22nd January 2020
Here you will find our pick of the best walks in the UK as chosen by our team at the Harrison Spinks HQ!
Easy: suits a variety of abilities and accessibility requirements.
Medium: walks with mixed terrain, potential accessibility issues and a varying degree of athleticism required to partake.
Difficult: walks that require planning, correct equipment, higher fitness levels and those suited to a multitude of terrains – only recommended for experienced walkers.
Difficulty: Medium Length: 6.69 miles Nearest Train Station: Edale
Mam Tor and the Great Ridge is a stunning walk set in the heart of the Peak district. Starting and finishing in Castleton there are plenty of lovely pubs and cafes if you fancy a bite to eat before or after your mini adventure.
This walk takes you to the dramatic summit of Mam Tor, which translates to ‘Mother Hill’ where you can take in the beauty of the 517m peak. Other highlights include Lose Hill, Back Tor, Hollins Cross and of course the Great Ridge that separates Edale from the Hope Valley.
Difficulty: Easy Length: 4 miles Nearest Train Station: Winchester
This 4 mile walk starts and finishes at Winchester Cathedral. The history of Winchester dates back to the Iron Age, when the Belgae tribe built a fort on what is now St Catherine’s Hill overlooking the Itchen Valley. There are many sights along the way including the Mizmaze – a medieval turf labyrinth, water meadows of the Itchen and 12th-century almshouses of the Hospital of St Cross.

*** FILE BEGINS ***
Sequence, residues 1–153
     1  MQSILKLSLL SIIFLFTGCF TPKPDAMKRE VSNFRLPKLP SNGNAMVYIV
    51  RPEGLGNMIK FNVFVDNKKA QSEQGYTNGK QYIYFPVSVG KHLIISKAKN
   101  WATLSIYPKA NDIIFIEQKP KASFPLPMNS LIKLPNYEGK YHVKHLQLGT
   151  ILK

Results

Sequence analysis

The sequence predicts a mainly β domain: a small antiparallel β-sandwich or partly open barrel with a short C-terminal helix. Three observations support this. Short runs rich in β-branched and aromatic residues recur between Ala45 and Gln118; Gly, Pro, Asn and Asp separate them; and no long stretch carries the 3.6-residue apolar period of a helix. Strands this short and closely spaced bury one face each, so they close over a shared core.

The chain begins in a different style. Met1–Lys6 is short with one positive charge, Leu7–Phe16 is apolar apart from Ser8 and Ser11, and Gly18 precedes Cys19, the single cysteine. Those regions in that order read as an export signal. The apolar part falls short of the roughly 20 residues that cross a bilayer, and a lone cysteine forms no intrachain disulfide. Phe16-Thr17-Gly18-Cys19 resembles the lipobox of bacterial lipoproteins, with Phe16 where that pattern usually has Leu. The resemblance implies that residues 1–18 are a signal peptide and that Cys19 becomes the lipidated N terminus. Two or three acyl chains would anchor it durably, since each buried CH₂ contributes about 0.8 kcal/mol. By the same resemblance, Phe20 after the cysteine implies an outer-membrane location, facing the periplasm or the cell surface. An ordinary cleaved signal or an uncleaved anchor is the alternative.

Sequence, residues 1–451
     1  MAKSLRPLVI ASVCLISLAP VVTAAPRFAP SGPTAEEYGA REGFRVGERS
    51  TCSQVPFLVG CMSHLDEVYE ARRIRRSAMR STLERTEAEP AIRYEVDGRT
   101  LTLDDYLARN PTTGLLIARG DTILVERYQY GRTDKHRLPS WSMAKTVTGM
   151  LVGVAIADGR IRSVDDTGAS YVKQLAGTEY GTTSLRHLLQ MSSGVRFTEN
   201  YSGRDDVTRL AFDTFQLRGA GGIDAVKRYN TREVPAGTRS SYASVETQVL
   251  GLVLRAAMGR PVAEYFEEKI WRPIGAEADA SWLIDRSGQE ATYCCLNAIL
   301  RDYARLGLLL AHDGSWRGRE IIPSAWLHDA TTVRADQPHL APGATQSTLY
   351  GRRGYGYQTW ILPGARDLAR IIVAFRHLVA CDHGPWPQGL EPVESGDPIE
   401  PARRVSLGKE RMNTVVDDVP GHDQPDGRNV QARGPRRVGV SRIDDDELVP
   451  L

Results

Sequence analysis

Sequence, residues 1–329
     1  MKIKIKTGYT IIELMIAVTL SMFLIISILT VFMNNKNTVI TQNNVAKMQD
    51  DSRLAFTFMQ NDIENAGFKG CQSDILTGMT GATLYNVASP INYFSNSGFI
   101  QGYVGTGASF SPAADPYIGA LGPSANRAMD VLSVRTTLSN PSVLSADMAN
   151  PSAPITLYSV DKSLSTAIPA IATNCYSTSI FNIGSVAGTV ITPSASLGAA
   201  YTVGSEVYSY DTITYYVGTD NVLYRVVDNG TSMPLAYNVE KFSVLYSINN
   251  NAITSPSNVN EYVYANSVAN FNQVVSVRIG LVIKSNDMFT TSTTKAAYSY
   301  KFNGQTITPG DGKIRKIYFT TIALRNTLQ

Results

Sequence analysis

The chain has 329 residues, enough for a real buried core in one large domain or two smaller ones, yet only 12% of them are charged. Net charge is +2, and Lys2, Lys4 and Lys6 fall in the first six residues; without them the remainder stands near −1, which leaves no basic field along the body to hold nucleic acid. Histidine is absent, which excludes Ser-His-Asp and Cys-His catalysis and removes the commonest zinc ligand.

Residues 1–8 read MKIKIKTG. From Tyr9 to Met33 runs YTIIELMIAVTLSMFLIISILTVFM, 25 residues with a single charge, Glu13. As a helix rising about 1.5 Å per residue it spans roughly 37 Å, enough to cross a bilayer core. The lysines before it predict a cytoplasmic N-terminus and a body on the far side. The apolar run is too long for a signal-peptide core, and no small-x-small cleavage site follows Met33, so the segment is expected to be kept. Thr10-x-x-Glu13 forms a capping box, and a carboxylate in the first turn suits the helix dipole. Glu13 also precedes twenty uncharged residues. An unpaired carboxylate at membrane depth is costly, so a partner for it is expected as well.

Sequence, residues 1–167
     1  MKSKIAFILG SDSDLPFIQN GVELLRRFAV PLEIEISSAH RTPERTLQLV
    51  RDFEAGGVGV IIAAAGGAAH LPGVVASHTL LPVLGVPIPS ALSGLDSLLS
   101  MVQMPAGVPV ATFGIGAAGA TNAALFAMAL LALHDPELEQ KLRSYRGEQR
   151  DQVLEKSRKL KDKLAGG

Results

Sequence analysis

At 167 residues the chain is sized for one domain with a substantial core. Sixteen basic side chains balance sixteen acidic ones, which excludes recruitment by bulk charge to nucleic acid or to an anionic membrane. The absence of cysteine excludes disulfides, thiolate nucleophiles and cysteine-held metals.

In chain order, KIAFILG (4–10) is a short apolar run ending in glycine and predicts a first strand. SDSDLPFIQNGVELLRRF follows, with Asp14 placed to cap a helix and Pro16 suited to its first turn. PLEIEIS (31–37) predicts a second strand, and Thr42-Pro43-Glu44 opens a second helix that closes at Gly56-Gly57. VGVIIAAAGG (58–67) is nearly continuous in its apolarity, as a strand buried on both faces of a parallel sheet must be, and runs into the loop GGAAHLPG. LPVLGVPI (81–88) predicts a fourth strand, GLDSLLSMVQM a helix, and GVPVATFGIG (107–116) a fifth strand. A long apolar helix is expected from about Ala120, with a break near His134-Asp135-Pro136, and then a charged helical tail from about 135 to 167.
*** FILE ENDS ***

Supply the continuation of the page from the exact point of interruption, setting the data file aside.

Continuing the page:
We recommend doing this walk during spring time to take advantage of the wild spring flowers on the chalk downland.
Difficulty: Medium Length: 6.87 miles Nearest Train Station: Whitby
Known as ‘Gods Own County’ Yorkshire has a whole host of rugged and breath-taking walks, none more so than Whitby to Robin Hood’s Bay.
Starting in the historic town of Whitby, the inspiration for Bram Stokers Dracula, the journey takes you along the Cleveland Way National Trail south towards Robin Hood’s Bay. Although not a difficult walk there is a variety of terrain to test the legs, but with plenty of places to stop the walk can be as strenuous or relaxing as you so wish.
Our recommendation would be to take this walk in spring or summer to take in the sheer beauty of the towering cliffs while enjoying the sound of seabirds and sights of local nature. The walk then ends in Robin Hood’s Bay, once a hive of smuggling, now a picturesque fishing village with cobbled streets, cafes, pubs, gift shops and of course fish and chip shops! There is also a handy regular bus route between Whitby and Robins Hood’s Bay.
Difficulty: Hard Length: 7.58 miles Nearest Train Station: Penrith
If you don’t have a head for heights or feel comfortable with steep exposed mountain terrain then this walk isn’t for you! With a peak of 950m Helvellyn is England’s third highest mountain. The narrow ridge of Striding Edge is one of the UKs more iconic mountain challenges, making it a thrilling walk for keen walkers.
The most popular place to start the walk is through the village of Glenridding, starting with a steep climb over Birkhouse Moor with views over Ullswater Valley and then on to the Grade 1 scramble of Striding Edge, with the long trek to Helvellyn’s vast summit.
After the obligatory celebration photos you will start the descend via Swirral Edge, which can appear a little intimidating due to its steep rocky appearance. Once at the low point follow the path to the glacial bowl which contains the Red Tarn and continue all the way back to Glenridding.
Difficulty: Medium Length: 12.09 miles Nearest Train Station: St Ives